This is all good. All gravy.
Let’s talk about time.
Some writers look at super-successful authors who are able to write full-time and wish they had the same money, prestige and readership. I look at them and wish I had time. Time to write. Time to think.
Don’t get me wrong, the vast majority of authors do not write full-time. That’s why I carefully chose the very technical term: super-successful. Most normal-successful authors have at least one other job that pays the bills.
I’ve struggled for time since I had children. Our twin boys came along back in 2012, a month after my debut novel was published and a fun five days before I was made redundant. Those following months were quite the challenge and as you might imagine, I did not have much time for writing.
Momentum, you might say, was lost.
It’s almost 10 years on and we have four children now. One of them thinks sleeping is an optional element of being human. She seems absolutely sure of it. I am officially knackered. But of course, also very lucky.
I run my own freelance business now too. Being self-employed comes with its own challenges, pressures and commitments, but it’s also far more flexible than any job I’ve had before. Again, I am very lucky.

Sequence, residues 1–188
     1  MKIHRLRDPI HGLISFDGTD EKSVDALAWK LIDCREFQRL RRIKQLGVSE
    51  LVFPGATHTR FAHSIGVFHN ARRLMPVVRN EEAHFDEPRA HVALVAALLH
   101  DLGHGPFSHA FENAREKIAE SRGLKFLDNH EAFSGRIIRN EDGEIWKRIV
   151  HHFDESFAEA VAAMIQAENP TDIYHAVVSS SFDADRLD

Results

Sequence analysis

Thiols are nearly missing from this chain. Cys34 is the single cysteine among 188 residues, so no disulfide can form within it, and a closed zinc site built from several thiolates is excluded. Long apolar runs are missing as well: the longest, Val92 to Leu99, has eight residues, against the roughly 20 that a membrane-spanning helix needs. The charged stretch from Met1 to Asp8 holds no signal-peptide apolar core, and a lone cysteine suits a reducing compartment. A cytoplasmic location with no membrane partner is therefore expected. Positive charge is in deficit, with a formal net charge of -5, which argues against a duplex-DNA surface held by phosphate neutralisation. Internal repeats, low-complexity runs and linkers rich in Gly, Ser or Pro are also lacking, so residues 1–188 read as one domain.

The older I’ve got and the more responsibilities I’ve picked up, the way I think about time has changed. Sure, I have far less of it than ever, but I’m not the only person with kids and a job who also wants to write fiction good enough to get published.
What this writing retreat has made clear to me is that time equals space to think. A chance to go slowly and consider the options loud. The room to step back, find clarity and make good decisions about creative work.
And I do have time. Or some time, at least.
The kids are in bed by 8.30pm. It’s not much, but there are a couple of hours there every night that I could, potentially, devote to writing. And devotion truly is what’s needed. To finish writing a novel takes complete commitment, even if it comes in late-night bursts.
So, what’s the problem?